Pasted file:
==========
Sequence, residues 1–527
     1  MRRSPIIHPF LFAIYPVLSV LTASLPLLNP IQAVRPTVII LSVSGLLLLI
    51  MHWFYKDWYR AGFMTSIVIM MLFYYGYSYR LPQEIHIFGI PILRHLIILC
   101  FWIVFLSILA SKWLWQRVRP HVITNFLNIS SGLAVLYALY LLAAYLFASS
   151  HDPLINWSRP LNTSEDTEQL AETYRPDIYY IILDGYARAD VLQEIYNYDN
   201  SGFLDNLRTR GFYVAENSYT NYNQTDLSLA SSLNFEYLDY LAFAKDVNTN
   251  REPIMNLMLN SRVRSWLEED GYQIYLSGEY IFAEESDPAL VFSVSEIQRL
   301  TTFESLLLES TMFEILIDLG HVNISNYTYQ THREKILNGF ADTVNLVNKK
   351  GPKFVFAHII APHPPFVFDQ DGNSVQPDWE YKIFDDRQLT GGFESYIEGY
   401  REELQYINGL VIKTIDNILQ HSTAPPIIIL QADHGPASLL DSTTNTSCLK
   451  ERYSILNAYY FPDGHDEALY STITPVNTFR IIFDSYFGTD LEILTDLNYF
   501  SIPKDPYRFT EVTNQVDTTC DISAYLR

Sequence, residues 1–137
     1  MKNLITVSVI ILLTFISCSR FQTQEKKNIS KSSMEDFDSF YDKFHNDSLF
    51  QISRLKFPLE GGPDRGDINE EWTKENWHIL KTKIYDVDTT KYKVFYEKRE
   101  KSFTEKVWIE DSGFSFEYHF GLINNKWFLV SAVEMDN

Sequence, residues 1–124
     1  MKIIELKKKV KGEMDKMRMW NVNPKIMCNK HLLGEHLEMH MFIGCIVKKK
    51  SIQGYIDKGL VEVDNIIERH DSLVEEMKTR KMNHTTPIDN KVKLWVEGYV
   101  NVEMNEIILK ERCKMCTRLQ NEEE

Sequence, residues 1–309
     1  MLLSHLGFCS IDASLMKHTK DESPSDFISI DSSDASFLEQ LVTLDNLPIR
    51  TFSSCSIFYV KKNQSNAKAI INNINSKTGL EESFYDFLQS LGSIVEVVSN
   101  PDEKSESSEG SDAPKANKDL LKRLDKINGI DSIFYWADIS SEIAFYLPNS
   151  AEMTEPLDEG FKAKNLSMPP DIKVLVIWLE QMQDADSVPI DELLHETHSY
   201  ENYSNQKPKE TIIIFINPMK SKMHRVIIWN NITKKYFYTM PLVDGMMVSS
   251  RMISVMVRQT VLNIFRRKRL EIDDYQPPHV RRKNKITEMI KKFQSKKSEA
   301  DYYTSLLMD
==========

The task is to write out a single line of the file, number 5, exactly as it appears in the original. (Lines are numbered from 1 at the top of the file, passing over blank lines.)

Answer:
   151  HDPLINWSRP LNTSEDTEQL AETYRPDIYY IILDGYARAD VLQEIYNYDN